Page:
Why do we do what we do? The absolute arbitrariness of our to-do lists—and, indeed, our lives and careers—has been thrown into alarming, existential focus by the pandemic, which has made most activities appear meaningless. Those of us with “non-essential jobs” have been rudely reminded of our own pointlessness, and too many of us are working on things contingent on factors far outside our control.
In this world, a clear objective is a beautiful, elusive thing. Even if it is to “make a coconut look like a businessman”.
Taskmaster is a British series that gives a diverse gang of comedians daft things to do. Greg Davies is the titular Taskmaster, a capricious and all-powerful judge, while Alex Horne—the show’s creator—plays his servile sidekick, and admin guy. Over a few months, competing comedians are filmed taking on the tasks, separately and together. In each weekly episode, they sit on stage with Davies and Horne, and are shown what fools they have made of themselves, before taking on a live task on stage to decide the winner of that episode.
It’s bloody glorious.
The tasks arrive in stiff paper with a crimson wax seal, but that doesn’t make them less ignominious. One from series 2 asked the participants to make the biggest mess and then clean it up. Comedians predictably splattered and vacuumed their hearts out but the slyest approach was taken by Katherine Ryan, who promptly called up her sister to inform her that her husband was having an affair.
Make the most exotic sandwich, said a series 4 task. Mel Giedroyc, host of The Great British Bake-Off, took this as a cue to throw all kinds of confectionery messily between bread slathered with Nutella. Loony genius Noel Fielding of The Mighty Boosh, however, interpreted “exotic” differently, tying slices of bread to Horne’s head and getting him to strip. This got slipperier once the participants were told they must actually eat the sandwiches they had created.
Pointlessness, more than anything, drives British variety entertainment. In the cleverest panel show, Would I Lie To You?, comedians must make bizarre confessions or pretend outrageous lies are true, and the cross-examined fibbing matters more than the scoreboard. Yet Taskmaster pretends that points matter—even though Davies dictatorially hands them out or withholds them—coaxing out an unlikely but inevitable competitive streak. Comedians love affirmation. They may not care about winning a gold replica of the Taskmaster’s head but because this show rewards wit and lateral thinking more than efficiency, they do find themselves wanting to shine.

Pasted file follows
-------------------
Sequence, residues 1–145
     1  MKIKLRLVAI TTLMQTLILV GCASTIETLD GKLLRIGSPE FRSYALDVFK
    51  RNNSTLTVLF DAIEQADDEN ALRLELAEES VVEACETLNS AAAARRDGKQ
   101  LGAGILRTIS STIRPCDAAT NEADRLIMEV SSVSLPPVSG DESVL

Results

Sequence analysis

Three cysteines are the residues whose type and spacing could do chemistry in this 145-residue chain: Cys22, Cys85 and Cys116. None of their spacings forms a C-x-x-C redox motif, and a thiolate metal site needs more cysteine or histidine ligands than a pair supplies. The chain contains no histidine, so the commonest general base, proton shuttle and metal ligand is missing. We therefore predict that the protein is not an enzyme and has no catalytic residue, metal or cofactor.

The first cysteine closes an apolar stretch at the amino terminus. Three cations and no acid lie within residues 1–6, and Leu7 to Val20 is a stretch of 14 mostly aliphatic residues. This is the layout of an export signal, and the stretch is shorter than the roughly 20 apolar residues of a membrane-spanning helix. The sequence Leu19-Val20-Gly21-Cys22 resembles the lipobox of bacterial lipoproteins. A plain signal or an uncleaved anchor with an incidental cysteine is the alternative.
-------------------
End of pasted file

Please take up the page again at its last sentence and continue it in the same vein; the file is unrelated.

Therefore this nutty show, where contestants have to paint a horse while riding a horse, begins to feel, strangely, like sport. Ten seasons of Taskmaster are streaming conveniently on YouTube, and I urge you to dive right in even if you don’t know the comedians participating. Over the last few weeks, I have gotten to know Paul Chowdhry, Tim Key, Jessica Knappett and (perhaps my top contestant of all) Mike Wozniak, while feeling better acquainted than ever with old favourites Bob Mortimer, Romesh Ranganathan and James Acaster. It doesn’t matter who you know. Or what. Nobody knows anything, really. That’s what Taskmaster teaches you.
Davies, a former schoolteacher and an intimidatingly tall man, sits on an oversized throne and pronounces judgement. He mocks feeble efforts, notes down things contestants say—every episode is named after a peculiar utterance: “A Coquettish Fascinator,” “The Lure Of The Treacle Puppies,” “My Eyes Are Circles”—and mercilessly creates running gags that may forever be linked to these award-winning talents.
Horne casts himself as a punching bag, for Davies to humiliate even more condescendingly than he would the contestants, and he gamely plays along whenever the contestants want to involve the task guy in their tasks. This brilliantly creates an official butt of all jokes. Even those contestants who keep messing up and constantly failing eventually stumble into an underdog role: The audience roots for them to win at least one episode. There are no such joys for the doormat character “little Alex Horne”, the creator presumably finding consolation in the show’s massive success and versions now being made in several countries (steer clear of the appalling US version).
I must confess to loving tasks from the earlier seasons more; they were worded with enough wiggle room for clever participants to find loopholes. But even when the tasks aren’t particularly cryptic or intellectually intriguing, the show is worth it because of the banter. Watching the comedians laugh at themselves and each other is like a casual, genial roast—call it a breakfast barbecue.
During the lockdown, Horne started a YouTube series called Hometasking, inviting fans around the world to perform tasks and send in videos for Davies to critique in his own cruel, warm way. These only prove Taskmaster’s appeal: The results spark joy even when we don’t know the participants.
In a recent series 11 episode, Davies commented on the way Mike Wozniak didn’t appear in the least bit fazed by the task ahead. “I just like to be told what to do,” said Wozniak, who really ought to play Thompson and Thomson in a Tintin movie. “Even if it is 'wrap a balloon saying ‘metronome’ and eat some poppadoms',” he smiles, “for the next five minutes, it’s easy street.” With the world as it stands, I can relate. We are all just chucking potatoes into holes. We are all hoping our tasks count for something, hoping that they make a difference, hoping for some wins, any wins. Hoping that our time starts now.
Stream of Stories is a column on what to watch online. Raja Sen is a film critic and the author of The Best Baker In The World (2017), a children’s adaptation of The Godfather.